Heroin is being used more and more, and a lot of times individuals who get addicted to heroin initially start using it because they have become addicted to prescription pain medication. Studies have shown that individuals who abuse painkillers like OxyContin are 19 times more likely to get also abuse heroin. It has also been reported that 8 out of 10 people who use heroin, first abused painkillers. This is why painkillers are called ‘gateway’ drugs.
Both heroin and painkillers are opioids. What do opioids do? They attach themselves to opioid receptors which are found on nerve cells in the brain, spinal cord, intestines and other organs. When the opioids attached to these receptors are heroin or painkillers, they decrease the feeling of pain, as well as making a person feel relaxed and happy. This can lead to the abuse of the drugs.
Growing evidence suggests that individuals who abuse prescription pain pills are shifting to heroin as painkillers have started to become less available and more expensive. For instance, a recent increase in heroin use accompanied a downward trend in OxyContin abuse. As the individual develops a tolerance toward prescription pain pills, and then finds that it is increasingly difficult to obtain the medication illegally, may also in some cases explain the transition to abuse of heroin, which is cheaper and in some communities easier to obtain than prescription medications.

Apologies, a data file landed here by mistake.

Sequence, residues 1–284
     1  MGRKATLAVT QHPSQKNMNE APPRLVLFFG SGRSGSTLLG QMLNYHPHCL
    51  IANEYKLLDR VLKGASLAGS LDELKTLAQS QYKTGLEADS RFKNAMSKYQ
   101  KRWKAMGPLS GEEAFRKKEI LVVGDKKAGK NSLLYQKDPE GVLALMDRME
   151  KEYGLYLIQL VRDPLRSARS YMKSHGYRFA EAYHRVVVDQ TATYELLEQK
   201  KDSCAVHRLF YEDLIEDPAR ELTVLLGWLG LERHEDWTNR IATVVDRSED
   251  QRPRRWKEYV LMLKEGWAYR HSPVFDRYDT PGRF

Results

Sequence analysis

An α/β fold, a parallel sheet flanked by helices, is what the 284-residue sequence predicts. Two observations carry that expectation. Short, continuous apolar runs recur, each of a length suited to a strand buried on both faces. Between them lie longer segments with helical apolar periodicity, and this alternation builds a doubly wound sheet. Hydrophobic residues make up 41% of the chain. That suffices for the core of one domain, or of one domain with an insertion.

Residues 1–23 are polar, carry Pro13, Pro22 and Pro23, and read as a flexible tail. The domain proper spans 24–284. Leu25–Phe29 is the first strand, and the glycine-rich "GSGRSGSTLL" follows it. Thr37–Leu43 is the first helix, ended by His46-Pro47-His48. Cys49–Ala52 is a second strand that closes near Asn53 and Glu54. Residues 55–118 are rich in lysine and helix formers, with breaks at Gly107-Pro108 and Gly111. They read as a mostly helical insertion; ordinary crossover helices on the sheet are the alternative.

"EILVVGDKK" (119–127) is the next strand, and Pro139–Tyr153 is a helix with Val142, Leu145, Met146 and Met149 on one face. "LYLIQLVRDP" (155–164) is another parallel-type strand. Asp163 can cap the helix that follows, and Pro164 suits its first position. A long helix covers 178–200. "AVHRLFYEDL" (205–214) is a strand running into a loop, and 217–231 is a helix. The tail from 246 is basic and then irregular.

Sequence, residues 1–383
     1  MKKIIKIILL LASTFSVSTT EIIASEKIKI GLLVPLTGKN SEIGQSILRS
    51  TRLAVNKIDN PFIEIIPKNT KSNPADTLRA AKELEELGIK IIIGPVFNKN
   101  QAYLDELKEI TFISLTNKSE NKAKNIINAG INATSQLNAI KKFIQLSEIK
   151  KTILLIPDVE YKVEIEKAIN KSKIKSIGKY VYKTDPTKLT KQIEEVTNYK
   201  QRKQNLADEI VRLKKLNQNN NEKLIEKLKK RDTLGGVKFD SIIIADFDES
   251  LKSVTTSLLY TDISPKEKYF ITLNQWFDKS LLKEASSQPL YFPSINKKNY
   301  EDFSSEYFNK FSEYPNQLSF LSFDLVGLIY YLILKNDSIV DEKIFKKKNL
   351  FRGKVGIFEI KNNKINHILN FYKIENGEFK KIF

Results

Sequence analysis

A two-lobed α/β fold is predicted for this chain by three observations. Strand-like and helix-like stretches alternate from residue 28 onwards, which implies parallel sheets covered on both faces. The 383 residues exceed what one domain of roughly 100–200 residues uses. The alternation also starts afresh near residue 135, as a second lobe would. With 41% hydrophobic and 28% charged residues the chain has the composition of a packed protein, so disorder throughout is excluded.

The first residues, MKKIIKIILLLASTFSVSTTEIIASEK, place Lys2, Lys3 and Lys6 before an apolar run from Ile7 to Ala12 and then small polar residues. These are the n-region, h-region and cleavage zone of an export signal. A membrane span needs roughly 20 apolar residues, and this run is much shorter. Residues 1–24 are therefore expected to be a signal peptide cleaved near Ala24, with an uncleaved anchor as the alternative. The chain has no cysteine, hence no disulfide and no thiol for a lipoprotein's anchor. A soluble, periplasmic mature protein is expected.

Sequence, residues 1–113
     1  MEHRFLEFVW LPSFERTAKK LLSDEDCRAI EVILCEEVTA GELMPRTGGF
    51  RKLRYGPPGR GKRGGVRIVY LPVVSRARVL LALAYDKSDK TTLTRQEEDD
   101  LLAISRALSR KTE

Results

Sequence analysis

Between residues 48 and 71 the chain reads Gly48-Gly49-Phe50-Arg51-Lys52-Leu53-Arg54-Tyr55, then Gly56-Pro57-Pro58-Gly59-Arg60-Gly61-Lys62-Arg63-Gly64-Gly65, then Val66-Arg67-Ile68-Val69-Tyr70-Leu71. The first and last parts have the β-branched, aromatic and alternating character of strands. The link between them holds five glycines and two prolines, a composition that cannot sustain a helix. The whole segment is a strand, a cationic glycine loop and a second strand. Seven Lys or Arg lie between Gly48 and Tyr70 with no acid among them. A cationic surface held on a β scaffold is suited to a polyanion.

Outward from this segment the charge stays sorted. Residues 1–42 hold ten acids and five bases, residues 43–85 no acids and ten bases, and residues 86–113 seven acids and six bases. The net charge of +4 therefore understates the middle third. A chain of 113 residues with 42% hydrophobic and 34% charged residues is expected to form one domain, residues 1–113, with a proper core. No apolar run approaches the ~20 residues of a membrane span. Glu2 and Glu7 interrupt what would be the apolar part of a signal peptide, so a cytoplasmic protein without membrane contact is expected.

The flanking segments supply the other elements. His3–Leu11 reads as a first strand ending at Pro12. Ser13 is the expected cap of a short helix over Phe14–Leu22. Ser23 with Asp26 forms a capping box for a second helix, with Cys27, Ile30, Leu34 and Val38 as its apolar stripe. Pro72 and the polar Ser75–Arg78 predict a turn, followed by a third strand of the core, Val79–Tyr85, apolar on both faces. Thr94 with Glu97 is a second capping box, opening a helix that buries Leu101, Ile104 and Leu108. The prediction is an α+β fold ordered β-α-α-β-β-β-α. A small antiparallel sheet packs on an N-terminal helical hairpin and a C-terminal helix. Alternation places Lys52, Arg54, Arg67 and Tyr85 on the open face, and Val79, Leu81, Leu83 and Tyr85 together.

With so many people suffering from addiction to pain pills, state legislatures, law enforcement and medical regulatory agencies are taking measures to crack down and prevent the drugs from being abused or falling into the wrong hands. One example is the implementation of statewide prescription monitoring programs which keep track of how many painkiller prescriptions that doctors write. This makes it harder for unscrupulous physicians to operate as “pill mills,” selling prescriptions to people who want to get high. The drugs are now significant far more difficult to come by, whereas heroin can easily be found.
There are many negative effects of opioids. An individual who abuses heroin and painkillers can experience:
As a matter of fact, taking just one large dose of painkillers or heroin could cause the individual to stop breathing, leading potentially to death.
Both prescription pain pills and heroin are extremely hard to stop once an individual has formed an addiction. An individual trying to quit abusing painkillers or heroin usually goes through severe withdrawal, which can cause restlessness, muscle and bone pain, insomnia, diarrhea, vomiting, cold flashes with goosebumps, and involuntary leg movements.
While not everyone who abuses painkillers graduates to using heroin, it is important to remember that even painkiller abuse alone can hurt an individual. Opioid drugs of all kinds can be very addictive. Prescription pain pills are so widely abused throughout the United States that overdose on pain meds now kills more Americans than both heroin and cocaine combined.
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